Our New Collaboration with Basser Research Center
- FORCE Recommended Reads
- Update: PARP Inhibitor Research
- Brocade Study
- Personalizing Risk Assessment for BRCA1 and BRCA2 Mutation Carriers (Conference 2012 Recap)
- Genetic Testing in the Jewish Community—Are We Doing Enough? (Conference 2012 Recap)
- Breast Cancer Surveillance and Chemoprevention (Conference 2012 Recap)
- High-risk Breast Surveillance Resource Gaps
- Joining FORCEs Conference 2014
- Voices of FORCE and sidebar Conversations on the Impact of Hereditary Cancer in Our Lives
- Our New Collaboration with Basser Research Center
- Basser Research Projects
- What's New @ FORCE
by Sue Friedman
In 2012 one family transformed the landscape of BRCA1/2 research by establishing the Basser Research Center for BRCA at the Abramson Cancer Center of the University of Pennsylvania. “Because our family suffered traumatically from this disease, we wanted to ensure that no other family out there suffered in the way that we did,” explained Mindy Gray. Mindy and Jon Gray endowed the Center in honor of her family, the Bassers, who lost Mindy’s sister Faith at age 44 to BRCA related ovarian cancer.
FORCE is now collaborating with the Basser Research Center for BRCA to strengthen ties between people with BRCA mutations and University of Pennsylvania researchers and physicians who are devoted to finding ways to prevent and treat BRCA-related cancers. Together, we will drive research forward, develop educational resources, and hold quarterly support groups in the Philadelphia area. As part of our collaboration, the next Joining FORCEs Against Hereditary Cancer conference is scheduled for Spring 2014 in Philadelphia.
“The Basser Research Center is an example of how we go from the bench to the bedside, taking this knowledge about BRCA1 and BRCA2 and giving people information that they can act upon. But it’s also a key example of what we call bedside to bench, when patients tell us about their concerns and what they need to know, and we go back and use our research in the lab or epidemiology research to answer some of those questions for patients,” said Basser Executive Director Susan Domchek, MD.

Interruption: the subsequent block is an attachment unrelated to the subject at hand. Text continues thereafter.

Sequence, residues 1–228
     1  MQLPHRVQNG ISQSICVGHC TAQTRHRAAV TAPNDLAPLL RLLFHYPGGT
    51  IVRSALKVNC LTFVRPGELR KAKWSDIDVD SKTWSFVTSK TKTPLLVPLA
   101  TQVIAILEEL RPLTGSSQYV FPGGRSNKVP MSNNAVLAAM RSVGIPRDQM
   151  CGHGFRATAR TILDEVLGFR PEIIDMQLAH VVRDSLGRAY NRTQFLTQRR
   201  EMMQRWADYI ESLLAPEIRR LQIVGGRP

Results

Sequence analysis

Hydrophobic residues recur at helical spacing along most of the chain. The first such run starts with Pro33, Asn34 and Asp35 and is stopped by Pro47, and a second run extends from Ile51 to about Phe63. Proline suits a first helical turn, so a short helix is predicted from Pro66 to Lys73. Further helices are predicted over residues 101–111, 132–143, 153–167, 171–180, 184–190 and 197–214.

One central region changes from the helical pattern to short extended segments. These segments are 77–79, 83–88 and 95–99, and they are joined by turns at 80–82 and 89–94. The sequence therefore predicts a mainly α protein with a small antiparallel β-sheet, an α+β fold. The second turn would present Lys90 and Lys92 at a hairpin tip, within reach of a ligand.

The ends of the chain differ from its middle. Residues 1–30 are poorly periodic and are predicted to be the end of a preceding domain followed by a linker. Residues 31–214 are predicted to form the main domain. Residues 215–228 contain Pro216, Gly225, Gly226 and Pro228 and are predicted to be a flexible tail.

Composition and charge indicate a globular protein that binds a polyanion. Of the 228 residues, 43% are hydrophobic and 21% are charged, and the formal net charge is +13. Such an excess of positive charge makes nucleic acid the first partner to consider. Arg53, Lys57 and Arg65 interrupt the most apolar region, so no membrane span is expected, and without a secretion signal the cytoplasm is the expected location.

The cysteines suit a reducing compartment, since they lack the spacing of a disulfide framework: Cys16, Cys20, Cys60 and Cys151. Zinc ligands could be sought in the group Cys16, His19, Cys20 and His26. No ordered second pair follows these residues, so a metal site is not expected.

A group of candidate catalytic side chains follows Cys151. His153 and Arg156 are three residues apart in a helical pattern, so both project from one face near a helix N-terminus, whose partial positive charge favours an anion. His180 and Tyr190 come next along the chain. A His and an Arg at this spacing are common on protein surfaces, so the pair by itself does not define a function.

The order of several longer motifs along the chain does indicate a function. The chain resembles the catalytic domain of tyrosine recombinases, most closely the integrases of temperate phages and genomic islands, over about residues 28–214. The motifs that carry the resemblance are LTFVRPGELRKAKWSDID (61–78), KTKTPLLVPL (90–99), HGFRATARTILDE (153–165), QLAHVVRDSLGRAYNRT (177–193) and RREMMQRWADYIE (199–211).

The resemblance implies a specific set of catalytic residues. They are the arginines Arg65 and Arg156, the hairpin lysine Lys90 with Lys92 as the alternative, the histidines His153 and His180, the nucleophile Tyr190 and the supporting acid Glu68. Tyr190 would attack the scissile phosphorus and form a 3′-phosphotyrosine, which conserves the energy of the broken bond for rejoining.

The Center has established an annual grants program to fund research ranging from basic science studies to early detection, prevention, treatment, survivorship, communication and outreach. “Our clinical research all starts with our registry study,” said Rebecca Mueller, Basser’s outreach coordinator. “Through our registry, we track participants with BRCA mutations and can follow their outcomes and recontact them as new research questions arise and new research studies open.” So far, our collaboration has recruited over 200 people into important BRCA-specific research. FORCE will periodically provide updates on these research findings and help recruit additional participants for open studies.
Contact the Center by phone: 215-662-2748 or email: firstname.lastname@example.org. edu, or visit: pennmedicine.org/basser for more information about participating in Basser’s research and to subscribe to the Center’s newsletter.
Visit our collaboration page for more information.
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